Actress Leah Remini with her husband
Actress Leah Remini (R) and her husband Angelo Pagan pose as they arrive for a preview of the new "Finding Nemo Submarine Voyage" attraction at Disneyland in Anaheim, Calif., June 10, 2007. Reuters/Mark Avery

Actress Leah Remini is getting her own reality show on TLC, following her public separation from the Church of Scientology, the network announced Wednesday.

The former “The King of Queens” actress will star in the untitled 12-episode series, produced by Gurney Productions, that will showcase her life at home. Remini's husband, Angelo, and their 9-year-old daughter, Sofia, will also be featured on the reality show.

"Leah is a no-nonsense, hard-working, relatable mom, wife, daughter, and sister. Her sharp humor and unfiltered family are a perfect match for the network," Nancy Daniels, general manager of TLC, reportedly said in a statement. "This series continues our focus on creating compelling series about remarkable families, using heart and humor to anchor it to the TLC brand."

The series will reportedly follow Remini's life and showcase how a girl from Brooklyn, despite moving to Los Angeles, never left her roots behind.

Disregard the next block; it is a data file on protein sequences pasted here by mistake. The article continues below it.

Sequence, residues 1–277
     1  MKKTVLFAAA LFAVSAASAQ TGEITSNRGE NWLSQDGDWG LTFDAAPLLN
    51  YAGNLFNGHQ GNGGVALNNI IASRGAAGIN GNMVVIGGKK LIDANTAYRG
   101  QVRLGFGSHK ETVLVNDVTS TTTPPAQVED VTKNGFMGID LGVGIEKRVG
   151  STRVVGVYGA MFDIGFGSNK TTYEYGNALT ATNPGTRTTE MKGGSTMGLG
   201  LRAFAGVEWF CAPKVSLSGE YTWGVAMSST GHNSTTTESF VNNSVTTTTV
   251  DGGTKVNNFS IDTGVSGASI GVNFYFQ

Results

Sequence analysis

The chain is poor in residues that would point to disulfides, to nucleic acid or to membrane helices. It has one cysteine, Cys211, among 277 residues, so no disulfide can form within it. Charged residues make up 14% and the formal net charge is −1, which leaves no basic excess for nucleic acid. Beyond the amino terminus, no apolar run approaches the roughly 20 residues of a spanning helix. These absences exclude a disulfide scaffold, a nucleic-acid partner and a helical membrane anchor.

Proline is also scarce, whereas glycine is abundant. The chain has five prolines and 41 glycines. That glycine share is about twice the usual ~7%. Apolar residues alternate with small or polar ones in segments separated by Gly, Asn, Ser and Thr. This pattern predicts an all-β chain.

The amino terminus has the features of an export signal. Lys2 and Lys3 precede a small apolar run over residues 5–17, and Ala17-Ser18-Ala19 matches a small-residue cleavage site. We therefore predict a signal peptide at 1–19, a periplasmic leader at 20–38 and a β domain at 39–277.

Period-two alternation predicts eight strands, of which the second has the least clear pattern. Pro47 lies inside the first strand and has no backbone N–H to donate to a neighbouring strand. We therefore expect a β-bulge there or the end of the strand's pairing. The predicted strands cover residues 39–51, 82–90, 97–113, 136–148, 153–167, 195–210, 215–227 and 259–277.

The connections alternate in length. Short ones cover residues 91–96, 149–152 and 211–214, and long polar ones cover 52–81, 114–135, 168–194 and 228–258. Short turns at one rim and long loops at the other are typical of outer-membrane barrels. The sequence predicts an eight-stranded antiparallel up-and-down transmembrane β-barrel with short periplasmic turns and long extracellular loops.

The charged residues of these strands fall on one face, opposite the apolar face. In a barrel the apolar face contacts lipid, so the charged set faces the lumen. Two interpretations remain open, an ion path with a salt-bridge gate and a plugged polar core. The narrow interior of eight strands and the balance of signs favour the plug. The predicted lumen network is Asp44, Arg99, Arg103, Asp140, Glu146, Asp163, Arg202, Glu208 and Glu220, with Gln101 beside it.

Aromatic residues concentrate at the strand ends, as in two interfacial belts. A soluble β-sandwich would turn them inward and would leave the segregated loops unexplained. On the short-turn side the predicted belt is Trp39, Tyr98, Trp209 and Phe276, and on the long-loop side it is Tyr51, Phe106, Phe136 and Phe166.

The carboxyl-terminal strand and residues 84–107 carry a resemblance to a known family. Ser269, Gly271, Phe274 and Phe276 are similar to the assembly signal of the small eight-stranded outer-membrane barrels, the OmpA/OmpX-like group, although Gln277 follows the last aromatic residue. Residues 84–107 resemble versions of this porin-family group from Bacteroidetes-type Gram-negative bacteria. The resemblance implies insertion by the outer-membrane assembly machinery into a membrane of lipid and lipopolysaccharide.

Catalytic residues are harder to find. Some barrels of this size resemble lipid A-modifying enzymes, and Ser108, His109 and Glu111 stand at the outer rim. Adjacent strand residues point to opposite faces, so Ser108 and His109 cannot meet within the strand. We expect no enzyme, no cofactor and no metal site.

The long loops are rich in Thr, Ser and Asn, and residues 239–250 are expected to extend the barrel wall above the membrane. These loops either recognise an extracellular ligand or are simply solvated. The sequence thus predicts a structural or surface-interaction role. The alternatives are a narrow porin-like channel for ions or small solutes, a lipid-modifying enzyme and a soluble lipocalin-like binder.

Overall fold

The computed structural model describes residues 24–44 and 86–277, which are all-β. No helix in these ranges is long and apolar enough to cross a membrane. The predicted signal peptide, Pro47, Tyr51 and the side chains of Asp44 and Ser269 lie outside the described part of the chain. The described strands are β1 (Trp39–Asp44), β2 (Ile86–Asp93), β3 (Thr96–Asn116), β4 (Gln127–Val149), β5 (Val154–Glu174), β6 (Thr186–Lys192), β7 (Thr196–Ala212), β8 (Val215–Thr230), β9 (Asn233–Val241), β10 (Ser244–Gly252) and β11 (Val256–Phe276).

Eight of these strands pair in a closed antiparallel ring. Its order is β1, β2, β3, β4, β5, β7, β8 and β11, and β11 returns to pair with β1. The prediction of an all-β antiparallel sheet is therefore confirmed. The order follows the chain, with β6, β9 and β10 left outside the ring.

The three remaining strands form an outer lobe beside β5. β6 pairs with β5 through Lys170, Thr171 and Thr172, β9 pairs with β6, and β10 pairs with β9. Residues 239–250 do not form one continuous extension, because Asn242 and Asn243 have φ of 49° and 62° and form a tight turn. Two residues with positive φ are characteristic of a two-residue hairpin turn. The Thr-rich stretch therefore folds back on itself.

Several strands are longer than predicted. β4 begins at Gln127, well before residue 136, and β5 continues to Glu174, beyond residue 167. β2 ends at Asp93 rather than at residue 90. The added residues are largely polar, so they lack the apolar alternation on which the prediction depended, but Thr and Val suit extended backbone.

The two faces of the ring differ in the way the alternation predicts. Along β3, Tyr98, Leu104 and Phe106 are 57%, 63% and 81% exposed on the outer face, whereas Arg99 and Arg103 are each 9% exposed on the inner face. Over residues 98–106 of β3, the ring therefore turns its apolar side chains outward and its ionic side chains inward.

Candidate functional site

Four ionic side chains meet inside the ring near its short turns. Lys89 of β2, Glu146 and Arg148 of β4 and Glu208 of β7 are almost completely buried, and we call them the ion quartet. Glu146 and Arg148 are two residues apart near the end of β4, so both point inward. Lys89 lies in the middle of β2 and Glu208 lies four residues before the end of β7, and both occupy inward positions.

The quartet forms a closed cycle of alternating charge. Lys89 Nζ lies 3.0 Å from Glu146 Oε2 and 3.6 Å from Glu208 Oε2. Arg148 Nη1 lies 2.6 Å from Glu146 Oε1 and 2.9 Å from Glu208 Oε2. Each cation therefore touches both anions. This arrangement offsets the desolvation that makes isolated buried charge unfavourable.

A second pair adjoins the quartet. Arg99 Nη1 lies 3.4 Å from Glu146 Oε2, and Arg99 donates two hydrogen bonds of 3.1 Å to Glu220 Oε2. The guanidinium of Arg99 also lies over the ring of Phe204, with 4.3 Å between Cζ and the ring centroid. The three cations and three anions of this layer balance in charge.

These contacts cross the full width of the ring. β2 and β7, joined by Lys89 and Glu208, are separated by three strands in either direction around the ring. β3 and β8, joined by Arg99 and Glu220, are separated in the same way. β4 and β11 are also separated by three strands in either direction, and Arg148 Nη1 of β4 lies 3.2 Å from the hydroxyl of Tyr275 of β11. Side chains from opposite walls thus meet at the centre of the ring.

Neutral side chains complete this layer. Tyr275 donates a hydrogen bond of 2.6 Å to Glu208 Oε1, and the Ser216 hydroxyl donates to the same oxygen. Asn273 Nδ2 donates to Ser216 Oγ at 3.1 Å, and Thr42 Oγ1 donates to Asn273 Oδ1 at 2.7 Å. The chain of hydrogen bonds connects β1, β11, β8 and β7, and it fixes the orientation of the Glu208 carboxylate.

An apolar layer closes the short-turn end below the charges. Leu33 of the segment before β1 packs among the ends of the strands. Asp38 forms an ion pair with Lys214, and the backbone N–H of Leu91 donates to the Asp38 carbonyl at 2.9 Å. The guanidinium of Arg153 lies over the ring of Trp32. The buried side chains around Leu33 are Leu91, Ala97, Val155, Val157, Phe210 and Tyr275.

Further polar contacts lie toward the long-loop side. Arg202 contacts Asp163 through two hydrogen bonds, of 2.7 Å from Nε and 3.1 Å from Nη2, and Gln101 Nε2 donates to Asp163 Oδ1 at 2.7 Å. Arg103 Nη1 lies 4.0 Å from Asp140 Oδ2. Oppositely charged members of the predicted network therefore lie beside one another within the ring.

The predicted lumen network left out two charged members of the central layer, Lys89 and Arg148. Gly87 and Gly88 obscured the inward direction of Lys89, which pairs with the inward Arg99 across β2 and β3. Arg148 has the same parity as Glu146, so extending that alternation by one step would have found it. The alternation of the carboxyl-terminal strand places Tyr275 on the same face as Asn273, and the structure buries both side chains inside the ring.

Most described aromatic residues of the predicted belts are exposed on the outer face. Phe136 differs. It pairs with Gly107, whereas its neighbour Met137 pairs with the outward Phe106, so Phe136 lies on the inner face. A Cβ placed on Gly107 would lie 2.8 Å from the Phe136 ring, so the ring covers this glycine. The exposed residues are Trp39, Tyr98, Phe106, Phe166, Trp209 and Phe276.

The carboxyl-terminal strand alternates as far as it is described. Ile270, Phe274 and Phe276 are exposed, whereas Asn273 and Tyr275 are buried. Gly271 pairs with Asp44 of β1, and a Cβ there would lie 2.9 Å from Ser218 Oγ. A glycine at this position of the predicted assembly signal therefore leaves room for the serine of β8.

Remini is popularly known for her role as Stacey Carosi on NBC’s sitcom “Saved by the Bell” and as Carrie Heffernan on CBS’ “The King of Queens.” She was also a co-host on “The Talk” before she was fired in 2011.

Remini had recently made headlines after opening up about her reasons for leaving the Church of Scientology.

“I started thinking of my own childhood and how I grew up resenting my mother because she was never home. In my house, it's family first - but I was spending most of my time at the Church. So, I was saying 'family first,' but I wasn't showing that. I didn't like the message that sent my daughter," she reportedly said.

Remini also said: "In the Church, you're taught that everybody is lost. They say they're loving, caring, non-judgmental people, but secretly, they were judging the world for not believing what they believed.”

She added: “To me, that is not a spiritual person. That's a judgmental person and that is the person that I was. I was a hypocrite, and the worst thing you can be in this world is a hypocrite."

According to reports, the Church later hit back at her, calling her a person with "an insatiable craving for attention" who "would exploit her former faith as a publicity stunt by rewriting her history with it, including omitting that she was participating in a program to remain a Scientologist by her own choice, as she was on the verge of being expelled for her ethical lapses."